For the last decade or so, Wyclef Jean has seemingly devoted the bulk of his energies to political and social causes. However, in 2016 he intends to reenter the musical arena.
During a visit to The FADER's office last December, the Haitian-born artist—who scooted in on a beaming blue hooverboard with an acoustic guitar and a few new demos in tow—revealed intentions to return his focus to music, explaining that he has been "heavily" back in the studio. Today, he officially renters the musical arena with the premiere of a song called "My Girl." (And a Shazam-activated meme generator to match.)
"My Girl" opens with a celebratory chorus of horns and Jean announcing, Ladies and gentlemen, it's the return of the Carnival Man! He goes on to apologize for his leave—I know, I shouldn't have kept you waiting for so long—but once the song starts in ernest, he slips back into a familiar pop-dancehall groove. I'm the Island's Romeo, he sings, serenading his collaborator, Sasha Mari. It's good old Wyclef.
"This song takes me back to my Caribbean roots, this is what a Carnival feels like," said Jean, describing the song to The FADER. And, given the recent boon in Island-indebted pop hits, it is also more or less what the Top 40 sounds like. In returning to his roots, Wyclef has found a perfect entryway back into pop.
Below, Jean on his thoughts on the rise of tropical house, regrets, and returning to music from his visit last December.
How do you feel about the wave of tropical house that crashed the Top 40 in the last year?
I love it, because it's like 'Clef is home. The Carnival could come out right now and it would be a brand new record. I was doing that in '97, and it's great that the Caribbean sound is embraced much more throughout everyone's music. Those sonics and chords from the Caribbean, the reason why they work is because they make people feel happy. They make people feel free. The world is so fucked up now, people just want to escape. The islands always did that. It's being more embraced now because pop culture is singing more like that. For me, it's a beautiful thing. I come from the Caribbean, so it's like, "Wow, this is dope."
You've spent the past 10 years focused on politics and social justice. Do you worry that because of those efforts—and occasional stumbles—you might now be received differently as a musician?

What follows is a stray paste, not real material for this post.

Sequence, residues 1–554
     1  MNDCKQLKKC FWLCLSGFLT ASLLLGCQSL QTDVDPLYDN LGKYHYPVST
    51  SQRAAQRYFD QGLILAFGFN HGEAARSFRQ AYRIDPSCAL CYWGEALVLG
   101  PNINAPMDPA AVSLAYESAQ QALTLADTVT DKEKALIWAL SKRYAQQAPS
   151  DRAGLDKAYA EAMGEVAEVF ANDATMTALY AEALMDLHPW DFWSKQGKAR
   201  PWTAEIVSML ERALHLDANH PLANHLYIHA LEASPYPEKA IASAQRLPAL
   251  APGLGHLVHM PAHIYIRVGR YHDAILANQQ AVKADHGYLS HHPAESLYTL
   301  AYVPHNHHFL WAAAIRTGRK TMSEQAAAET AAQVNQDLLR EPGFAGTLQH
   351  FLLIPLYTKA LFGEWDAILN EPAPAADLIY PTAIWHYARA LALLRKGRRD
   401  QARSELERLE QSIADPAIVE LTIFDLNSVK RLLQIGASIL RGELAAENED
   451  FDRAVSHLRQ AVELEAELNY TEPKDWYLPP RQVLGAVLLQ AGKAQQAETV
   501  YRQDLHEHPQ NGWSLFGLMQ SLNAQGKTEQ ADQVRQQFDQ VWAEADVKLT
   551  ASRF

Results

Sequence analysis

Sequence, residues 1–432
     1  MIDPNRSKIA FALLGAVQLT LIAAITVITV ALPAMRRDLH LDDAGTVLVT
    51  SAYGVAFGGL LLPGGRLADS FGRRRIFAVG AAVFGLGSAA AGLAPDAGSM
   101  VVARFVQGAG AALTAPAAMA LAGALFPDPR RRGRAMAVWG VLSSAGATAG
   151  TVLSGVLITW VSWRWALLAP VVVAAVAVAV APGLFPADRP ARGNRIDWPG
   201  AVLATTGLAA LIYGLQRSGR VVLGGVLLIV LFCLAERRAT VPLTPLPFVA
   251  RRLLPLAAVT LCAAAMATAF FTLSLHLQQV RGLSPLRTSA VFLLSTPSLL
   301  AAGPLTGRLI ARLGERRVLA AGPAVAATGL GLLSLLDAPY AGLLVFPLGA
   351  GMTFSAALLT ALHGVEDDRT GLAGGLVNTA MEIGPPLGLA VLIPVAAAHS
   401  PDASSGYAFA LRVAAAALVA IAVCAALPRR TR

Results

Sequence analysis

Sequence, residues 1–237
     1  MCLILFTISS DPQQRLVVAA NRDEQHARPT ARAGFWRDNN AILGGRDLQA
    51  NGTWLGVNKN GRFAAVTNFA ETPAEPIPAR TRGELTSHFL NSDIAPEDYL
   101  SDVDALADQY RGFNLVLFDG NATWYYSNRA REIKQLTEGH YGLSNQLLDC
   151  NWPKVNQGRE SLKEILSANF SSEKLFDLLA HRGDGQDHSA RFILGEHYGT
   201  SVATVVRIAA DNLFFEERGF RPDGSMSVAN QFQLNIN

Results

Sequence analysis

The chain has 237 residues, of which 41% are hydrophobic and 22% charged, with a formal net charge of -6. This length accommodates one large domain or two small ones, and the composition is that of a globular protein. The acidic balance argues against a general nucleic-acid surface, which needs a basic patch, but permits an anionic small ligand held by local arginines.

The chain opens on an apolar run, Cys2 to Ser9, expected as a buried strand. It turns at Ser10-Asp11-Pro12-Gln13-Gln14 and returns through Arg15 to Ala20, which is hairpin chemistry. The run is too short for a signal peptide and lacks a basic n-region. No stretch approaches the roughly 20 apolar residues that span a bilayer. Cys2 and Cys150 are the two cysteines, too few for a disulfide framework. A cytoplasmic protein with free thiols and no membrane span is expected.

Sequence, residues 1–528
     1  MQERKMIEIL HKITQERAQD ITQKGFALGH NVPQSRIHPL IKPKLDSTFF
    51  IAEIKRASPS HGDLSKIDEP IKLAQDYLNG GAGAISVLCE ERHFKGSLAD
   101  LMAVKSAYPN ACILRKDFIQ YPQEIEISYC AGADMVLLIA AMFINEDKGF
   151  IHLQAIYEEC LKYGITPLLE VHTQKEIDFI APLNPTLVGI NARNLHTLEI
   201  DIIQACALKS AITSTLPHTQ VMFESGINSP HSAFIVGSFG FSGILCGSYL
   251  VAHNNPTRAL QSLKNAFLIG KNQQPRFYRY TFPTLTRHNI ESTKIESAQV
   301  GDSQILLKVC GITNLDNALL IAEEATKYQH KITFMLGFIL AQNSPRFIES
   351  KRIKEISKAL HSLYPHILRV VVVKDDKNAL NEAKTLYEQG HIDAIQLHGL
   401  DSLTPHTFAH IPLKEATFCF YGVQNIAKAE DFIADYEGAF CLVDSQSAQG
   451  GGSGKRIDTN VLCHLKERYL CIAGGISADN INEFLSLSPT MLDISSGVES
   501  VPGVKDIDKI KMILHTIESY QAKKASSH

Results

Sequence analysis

No, because if you put on The Score or The Carnival and listen to it, I don't say anything different from the policies that I applied. Even in "Hips Don't Lie," I say: Colombians and Haitians, this transaction ain't cocaine. I think people would weird out if the Wyclef message and the thing that they know me for was different.
And 'Clef always just be 'Clef. If the audience is like, "'Clef, you don't even need this shit, just do the music." And I'm like, "No, fuck that. I'm not gonna let them die like that, we gotta help these people." It's the first time in history that a presidential candidate has decided to go back and do an album. In that sense, maybe people will be like "Yo, it's the return of the candidate." [laughs]
Do you have any lingering regrets from those years?
No. No regrets at all. You have to pick your battles. Right now, we're focused on music. You already know that the music is going to balance out the social issues. It's 90% music right now and my focus is getting that to a place where I'm happy with it. Everything else is natural, it's all going to fall into place. As long as I keep pure to what I do, it will all balance out. The music speaks for itself.
You aren't concerned that the negative attention you have received will taint your return to music?
Like my daughter said, "If you don't have haters, you're not poppin' Dad." That's the best way I can say it. There's 24 hours in the day—if you wanna spend an hour and a half talking about Wyclef is doing, at least I got your attention. So listen to some of this music.